It sucks to get old. Things that used to be easy simply aren’t. You start waking up with more aches and pains and suddenly those tiny wisdom lines are cawing for attention, and more make up.
For years people believed that the stress from running caused multiple problems, including joint injuries, knee issues, and arthritis. They believed that pounding your feet on the pavement could excessively wear out all of those movable parts.
They were wrong.
Running when you’re older can be just as safe, and as rewarding, as running at any other age.
Stanford University has released a study with great news. They studied healthy, aging runners and found that running did NOT damage joints or leave the participants any less able to exercise. If you are healthy, and injury free, there are no real reasons to ever stop running. In fact, the study found that healthy people who kept running into old age were less likely to die from heart trouble, strokes, cancer, neurological diseases or infection. If that’s not a reason to keep running I don’t know what is.
Everything in moderation
In fact, a moderate running schedule can help you be healthier. Running three to five miles, three times a week can help you (and your joints) become more resilient.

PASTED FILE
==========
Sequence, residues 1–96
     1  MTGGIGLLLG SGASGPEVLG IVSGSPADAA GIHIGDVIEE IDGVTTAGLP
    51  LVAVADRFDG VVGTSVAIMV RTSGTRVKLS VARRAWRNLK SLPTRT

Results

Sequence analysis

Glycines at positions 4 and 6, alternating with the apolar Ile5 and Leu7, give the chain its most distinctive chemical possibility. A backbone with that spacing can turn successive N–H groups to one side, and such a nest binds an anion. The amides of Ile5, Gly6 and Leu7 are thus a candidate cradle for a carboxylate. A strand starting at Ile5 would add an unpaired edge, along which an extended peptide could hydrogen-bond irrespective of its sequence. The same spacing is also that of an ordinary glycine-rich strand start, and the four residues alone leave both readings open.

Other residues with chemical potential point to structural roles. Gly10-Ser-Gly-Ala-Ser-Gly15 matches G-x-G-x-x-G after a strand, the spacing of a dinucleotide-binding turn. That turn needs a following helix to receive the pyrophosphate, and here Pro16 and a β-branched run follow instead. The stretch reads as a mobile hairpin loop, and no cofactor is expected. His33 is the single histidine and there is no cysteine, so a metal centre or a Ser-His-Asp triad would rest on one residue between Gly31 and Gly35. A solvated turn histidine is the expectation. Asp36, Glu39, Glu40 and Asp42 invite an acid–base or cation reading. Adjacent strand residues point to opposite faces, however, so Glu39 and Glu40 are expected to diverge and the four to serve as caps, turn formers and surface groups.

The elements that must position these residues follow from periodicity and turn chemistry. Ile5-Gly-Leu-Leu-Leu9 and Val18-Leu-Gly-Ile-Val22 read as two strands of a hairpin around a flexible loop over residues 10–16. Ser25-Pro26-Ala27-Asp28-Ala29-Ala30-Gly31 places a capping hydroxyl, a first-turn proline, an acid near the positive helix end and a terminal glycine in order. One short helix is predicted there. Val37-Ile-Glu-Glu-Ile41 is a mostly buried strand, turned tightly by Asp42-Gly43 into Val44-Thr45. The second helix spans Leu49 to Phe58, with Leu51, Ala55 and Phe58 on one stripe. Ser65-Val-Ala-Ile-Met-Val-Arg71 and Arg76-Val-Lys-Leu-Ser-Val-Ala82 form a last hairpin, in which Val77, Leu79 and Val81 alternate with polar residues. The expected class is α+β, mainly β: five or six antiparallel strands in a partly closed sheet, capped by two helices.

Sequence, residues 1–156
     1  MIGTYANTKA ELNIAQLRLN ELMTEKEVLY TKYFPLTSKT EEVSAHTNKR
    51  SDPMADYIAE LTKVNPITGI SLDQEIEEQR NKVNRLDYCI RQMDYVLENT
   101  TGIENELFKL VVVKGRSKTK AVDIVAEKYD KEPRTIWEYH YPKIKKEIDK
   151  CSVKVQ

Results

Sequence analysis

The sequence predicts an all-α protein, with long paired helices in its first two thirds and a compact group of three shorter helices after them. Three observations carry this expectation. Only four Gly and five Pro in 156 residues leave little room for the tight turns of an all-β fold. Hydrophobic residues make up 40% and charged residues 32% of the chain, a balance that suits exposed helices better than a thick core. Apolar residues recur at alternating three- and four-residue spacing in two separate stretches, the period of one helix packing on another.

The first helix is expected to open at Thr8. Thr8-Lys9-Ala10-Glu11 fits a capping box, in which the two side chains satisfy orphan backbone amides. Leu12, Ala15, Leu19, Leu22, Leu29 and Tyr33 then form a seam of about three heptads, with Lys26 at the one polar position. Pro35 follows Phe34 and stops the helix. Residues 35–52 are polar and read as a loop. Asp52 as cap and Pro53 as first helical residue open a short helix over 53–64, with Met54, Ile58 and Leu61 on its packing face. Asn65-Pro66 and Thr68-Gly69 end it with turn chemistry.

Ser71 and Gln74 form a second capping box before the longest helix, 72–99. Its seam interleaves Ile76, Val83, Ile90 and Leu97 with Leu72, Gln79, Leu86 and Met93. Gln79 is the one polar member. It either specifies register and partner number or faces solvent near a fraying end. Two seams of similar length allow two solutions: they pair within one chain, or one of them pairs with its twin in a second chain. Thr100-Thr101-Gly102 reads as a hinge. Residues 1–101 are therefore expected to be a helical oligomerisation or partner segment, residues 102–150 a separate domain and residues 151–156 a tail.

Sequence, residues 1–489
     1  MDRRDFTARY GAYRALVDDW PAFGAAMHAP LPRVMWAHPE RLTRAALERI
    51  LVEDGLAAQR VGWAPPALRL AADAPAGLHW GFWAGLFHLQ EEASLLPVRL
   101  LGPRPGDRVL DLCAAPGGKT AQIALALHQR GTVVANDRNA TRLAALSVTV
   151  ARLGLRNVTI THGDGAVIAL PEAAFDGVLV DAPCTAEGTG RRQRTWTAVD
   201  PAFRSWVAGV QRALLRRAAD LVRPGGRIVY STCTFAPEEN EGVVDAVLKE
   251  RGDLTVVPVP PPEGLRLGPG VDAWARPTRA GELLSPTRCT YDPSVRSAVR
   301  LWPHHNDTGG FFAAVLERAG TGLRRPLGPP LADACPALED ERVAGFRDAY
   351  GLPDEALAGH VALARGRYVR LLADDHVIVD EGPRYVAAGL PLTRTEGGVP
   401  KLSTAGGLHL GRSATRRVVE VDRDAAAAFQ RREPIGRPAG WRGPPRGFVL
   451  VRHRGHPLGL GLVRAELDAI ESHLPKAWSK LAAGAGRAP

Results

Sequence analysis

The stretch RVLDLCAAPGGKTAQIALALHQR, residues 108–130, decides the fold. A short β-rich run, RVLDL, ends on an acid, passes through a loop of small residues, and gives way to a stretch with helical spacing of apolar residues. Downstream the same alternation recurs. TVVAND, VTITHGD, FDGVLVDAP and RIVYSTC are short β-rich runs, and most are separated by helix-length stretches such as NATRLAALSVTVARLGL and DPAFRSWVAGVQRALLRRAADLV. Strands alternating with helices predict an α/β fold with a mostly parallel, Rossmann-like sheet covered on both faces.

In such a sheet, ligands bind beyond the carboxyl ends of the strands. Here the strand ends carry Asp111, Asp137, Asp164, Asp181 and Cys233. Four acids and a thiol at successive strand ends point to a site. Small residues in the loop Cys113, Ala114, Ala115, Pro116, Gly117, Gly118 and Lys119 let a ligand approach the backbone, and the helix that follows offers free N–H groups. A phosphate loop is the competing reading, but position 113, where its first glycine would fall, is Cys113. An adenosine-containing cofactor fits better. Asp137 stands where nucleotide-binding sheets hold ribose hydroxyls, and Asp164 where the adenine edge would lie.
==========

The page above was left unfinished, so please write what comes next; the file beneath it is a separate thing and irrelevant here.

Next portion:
While this is great news there are still some things you do have to watch for as you get older.
- Do not run through the pain. If you’re hurting, you can’t just ignore it. You need to find out why.
- If you have an injury you have to rest… for as long as it takes.
- Don’t run with knee problems. If you do have chronic knee issues you may have to stop running completely. Try something that puts less stress on your knees, like walking.
- Pace yourself. Don’t overdo it. Don’t challenge your 20-something neighbor to a race or kill yourself trying to keep up. You are who you are and part of growing old gracefully is accepting that.
- Take days off. The older you are the more rest you may need. Consider taking a day off between runs or doing something different on those days.
- Make sure that you stretch properly before you do any exercise, but especially before you run.
- Wear the right shoes for your age. Believe it or not, your shoe size might change as you get older. It’s important that you measure your feet every few years and only wear the right size shoes.
- If you’re over 40 you need to drink more water. As you age your thirst mechanism doesn’t work at well and may not always be as effective a gauge of your water needs. Make sure that you drink plenty of water about 30 minutes before you exercise and then every 10 to 15 minutes during exercise. After you’re finished, drink more water than you think you need.
Follow these few simple guidelines and you’ll find that you can safely run for as long as you’d like.